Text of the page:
It started on a ducated visit on 2-18-11 with Dr. Jardini who conspired with clinics correctional staff to take away my wheelchair he himself prescribed for me for a duration of two (2) months because of severe pain that I incurred from severe neuropathy (he diagnosed twice) and swelling also from Valley Fever. Even when a try was made to get out of wheelchair, failed because of severe pain making me fall. When I was pushed back to the clinic to inform Dr. Jardini he refused to see me for examination to see sufficient time for healing was not up yet and by his alleged recommendation I was left to suffer a worse condition on a walker. Explaining this to LVN Springer, LVN Medly and LVN Sely (that I could not make it up to the clinic because of continued pain and swelling) that I would need them to bring my insulin and medications, they told me no because the Dr. (Jardini) said I could walk, thus denying me medical attention and medication which cause me to have an imbalance severely in my walk and forgetfulness as well as a worsen state of neuropathy, etc. Each day I complained about my pain & inability to walk again denied.

(ECF No. 15, p. 2.)

Plaintiff further alleges:

Defendant Dr. Jardini caused my balance to become an imbalance when he knew and diagnosed me with severe neuropathy twice as my neuropathy was worsened by the cocci virus of the Valley Fever for which he recommended and prescribed me with a wheelchair for the period of two (2) months. On 2-18-11 during a visit to check my condition, he expressed his decision was for me to maintain my stay in the wheelchair, but under his voice that the... custody wanted me out to avoid a transfer; in conspiracy with custody. When I fell from the severe pain trying to stand and walk, I was caught, set back in the wheelchair, taken back to the yard clinic requesting to see Dr. Jardini, who refused to come out and see me as I called out for him with my cellmate as staff c/o's was preventing me. [¶] LVN Medly was informed of this by me and that I was in pain seriously as she was delivering meds to the buildings. Then LVN Medley said that the Dr. meaning Jardini said "that I could walk." Being a protocol, she refused to at least call for me a wheelchair and also refused to give me my insulin knowing that I am a chronic care diabetic and other meds prescribed. [¶] LVN Springer responded the same as LVN Medley. LVN Sely also. [¶] Five days I suffered severe pains in my body and brain. And now I have severe nerve damages and an imbalance in both legs, hips and feet. And a greater deficiency in my immune system.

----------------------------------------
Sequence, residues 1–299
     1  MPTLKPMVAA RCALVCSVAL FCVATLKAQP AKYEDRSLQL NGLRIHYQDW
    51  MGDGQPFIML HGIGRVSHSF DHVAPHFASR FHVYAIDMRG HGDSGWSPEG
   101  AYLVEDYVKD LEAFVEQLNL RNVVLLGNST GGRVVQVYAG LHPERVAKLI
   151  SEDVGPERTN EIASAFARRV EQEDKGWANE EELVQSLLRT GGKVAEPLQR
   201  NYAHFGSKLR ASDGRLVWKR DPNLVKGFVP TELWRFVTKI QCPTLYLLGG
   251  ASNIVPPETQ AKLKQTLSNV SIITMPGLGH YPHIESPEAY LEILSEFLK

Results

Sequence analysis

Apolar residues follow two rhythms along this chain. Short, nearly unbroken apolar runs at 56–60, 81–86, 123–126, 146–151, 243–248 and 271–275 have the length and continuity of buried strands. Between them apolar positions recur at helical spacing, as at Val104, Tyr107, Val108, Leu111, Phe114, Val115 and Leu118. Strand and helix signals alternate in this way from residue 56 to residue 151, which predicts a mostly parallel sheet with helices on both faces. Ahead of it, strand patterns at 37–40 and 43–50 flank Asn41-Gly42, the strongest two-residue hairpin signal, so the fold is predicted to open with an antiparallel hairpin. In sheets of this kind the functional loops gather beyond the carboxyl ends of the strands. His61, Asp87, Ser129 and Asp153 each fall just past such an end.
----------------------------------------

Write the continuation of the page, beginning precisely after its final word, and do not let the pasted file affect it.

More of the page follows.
(ECF No. 15, p. 3.)

Plaintiff seeks compensatory and punitive damages.

III. Deficiencies of Complaint

As discussed more fully below, Plaintiff's complaint fails to comply with Federal Rule of Civil Procedure 8 and fails to state a cognizable Eighth Amendment claim. Plaintiff will be given one final opportunity to amend his complaint. To assist Plaintiff in amending his complaint, the Court provides the pleading and legal standards that apply to his claims. Plaintiff should carefully review the standards and amend only those claims that he believes, in good faith, are cognizable.